BLIGH, Thomas Cherburgh (?1761-1830), of Brittas, co. Meath.
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Family and Education
b. ?1761, 1st s. of the Very Rev. Robert Bligh, dean of Elphin, yr. bro. of John, 1st Earl of Darnley [I], by 2nd w. Frances Winthrop alias Winthorpe of London. educ. Armagh; St. John’s, Camb. 1 June 1780, aged 19. m. 3 Nov. 1790, Lady Theodosia Bligh, da. of John Bligh†, 3rd Earl of Darnley [I], 2s. das. suc. fa. 1778.
MP [I] 1783-1800.
Bligh was returned to the Irish parliament for Athboy on the interest of his kinsman and brother-in-law, John, 4th Earl of Darnley. When he attended, he was in opposition; neither he nor his patron voted on the Union.1 Darnley promoted his candidature for county Meath in the summer of 1801 and he was returned in the following year after an easy contest. At first his only recorded minority vote—and there seems to have been some doubt about that—was for inquiry into the Prince of Wales’s finances, 4 Mar. 1803.2 Subsequently acting with Darnley, who was then in opposition, he was in the minority against Addington on defence questions, 15, 23, 25 Apr. 1804. On Pitt’s return to power, he was listed ‘Prince’ and Darnley saw fit to apologize to Pitt for Bligh’s vote, unauthorized by him, on 8 June 1804.3 In December 1804 and July 1805, he was listed as in opposition. His votes in the minority against the war with Spain, 12 Feb. 1805, and in the majorities against Melville, 8 Apr., 12 June, as well as for Catholic relief, 14 May, confirm this. In May 1806 the chief secretary reported that Bligh wanted an office for himself or his son in return for which he would support and be supported by government. On 25 Mar. and 9 Apr. 1807 he voted with them after their dismissal.
On 27 Apr. 1807 Bligh informed Castlereagh, who at once reported to the viceroy, that
he has hitherto voted against in concurrence with Lord Darnley, but his lordship being less hostile than he was, has liberated him from his allegiance, and he has desired me to convey to you his disposition to give his support to your government, and the administration generally. I find however that he looks to have his claims considered, when it can be done without embarrassment, and as he has a family and is exposed to expense in maintaining his interest in the county, looks at some future, but as early an opportunity as may be practicable, to office for himself, or some provision for one of his sons.4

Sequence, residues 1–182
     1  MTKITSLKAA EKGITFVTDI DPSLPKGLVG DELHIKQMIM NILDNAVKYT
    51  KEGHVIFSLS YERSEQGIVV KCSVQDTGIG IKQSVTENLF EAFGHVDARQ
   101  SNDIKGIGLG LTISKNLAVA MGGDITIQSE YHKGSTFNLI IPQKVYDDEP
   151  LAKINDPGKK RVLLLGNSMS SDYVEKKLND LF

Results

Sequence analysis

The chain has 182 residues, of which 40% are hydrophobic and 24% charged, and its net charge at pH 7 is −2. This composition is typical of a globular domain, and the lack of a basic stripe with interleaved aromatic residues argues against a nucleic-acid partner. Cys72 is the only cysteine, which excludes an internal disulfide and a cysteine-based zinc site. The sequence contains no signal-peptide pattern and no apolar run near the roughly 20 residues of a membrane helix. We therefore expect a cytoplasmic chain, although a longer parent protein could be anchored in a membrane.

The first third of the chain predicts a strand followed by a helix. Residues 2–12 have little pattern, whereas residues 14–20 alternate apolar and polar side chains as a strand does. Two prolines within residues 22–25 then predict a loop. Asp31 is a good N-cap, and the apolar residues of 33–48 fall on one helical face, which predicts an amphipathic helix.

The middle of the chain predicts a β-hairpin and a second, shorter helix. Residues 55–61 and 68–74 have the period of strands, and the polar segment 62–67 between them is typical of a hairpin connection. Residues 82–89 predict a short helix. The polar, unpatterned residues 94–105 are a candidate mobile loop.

Bligh proceeded to Ireland with Castlereagh’s recommendation of being ‘as liberal as any of our Irish politicians’, but on making his intentions known in Meath ran into difficulties. Lord Fingall, spokesman for the Catholic interest, refused to support a candidate who would not oppose the Portland ministry. Bligh, who feared the expense of a contest and felt sure he would be beaten, was urged by the chief secretary either to stand, all the same, as a friend of government or to decline with a public declaration that he refused to be ‘the tool of Lord Fingall’. Bligh, an ardent pro-Catholic, preferred to withdraw his offer of allegiance to ministers and to try to wriggle out of any pledges on the hustings.5 In this he succeeded, but his dilemma continued in Parliament, where it was reported in 1808 that he ‘supports generally and votes with opposition with reluctance’. It does not appear that he voted with opposition except on Catholic relief, 25 May 1808.
Yet early in 1810 Bligh was reported by Darnley, who had remained in opposition, to have ‘lately resumed his political connection with me, and I have every reason to believe that it will not again be interrupted’.6 So it proved, for Bligh voted against government on the Scheldt inquiry, 5, 30 Mar. 1810, voted for Catholic relief 1 June, was listed an adherent by opposition that year and sided with them in the Regency divisions 1810-11. He voted for the Catholic claims on 31 May 1811 and 24 Apr. 1812, as well as for Morpeth’s motion critical of the state of Ireland, 4 Feb. 1812. Apparently he never uttered in debate.
Bligh did not seek re-election in 1812, his relations with Darnley having again deteriorated. He had tried to call out Darnley in 1806 and again did so in 1812, when as before, he was tried in King’s bench and bound over to keep the peace. By 1820, he was again harassing Darnley and was bound over for another four years, but, unable to pay the sureties required for his discharge, spent the rest of his life in King’s Bench prison, where he died 17 Sept. 1830.7
Ref Volumes: 1790-1820
Author: P. J. Jupp
- 1. G. C. Bolton, The Passing of the Irish Act of Union, 176-7.
- 2. Wickham mss 5/19, Wickham to Marsden, 6 Mar. 1803.
- 3. PRO 30/8/128, f. 168.
- 4. NLI, Richmond mss.
- 5. Wellington mss, Wellesley to Castlereagh, 19 May, Pollock to Wellesley, 22 May 1807.
- 6. Fortescue mss, Darnley to Grenville, 1 Mar. 1810.
- 7. The Times, 12, 16, 18 June 1812, 20, 27 Apr. 1820 (which in 1812 calls him ‘Robert’ Bligh by mistake and in 1820 ‘General’ Bligh, also erroneously); Gent. Mag. (1830), ii. 284, 649.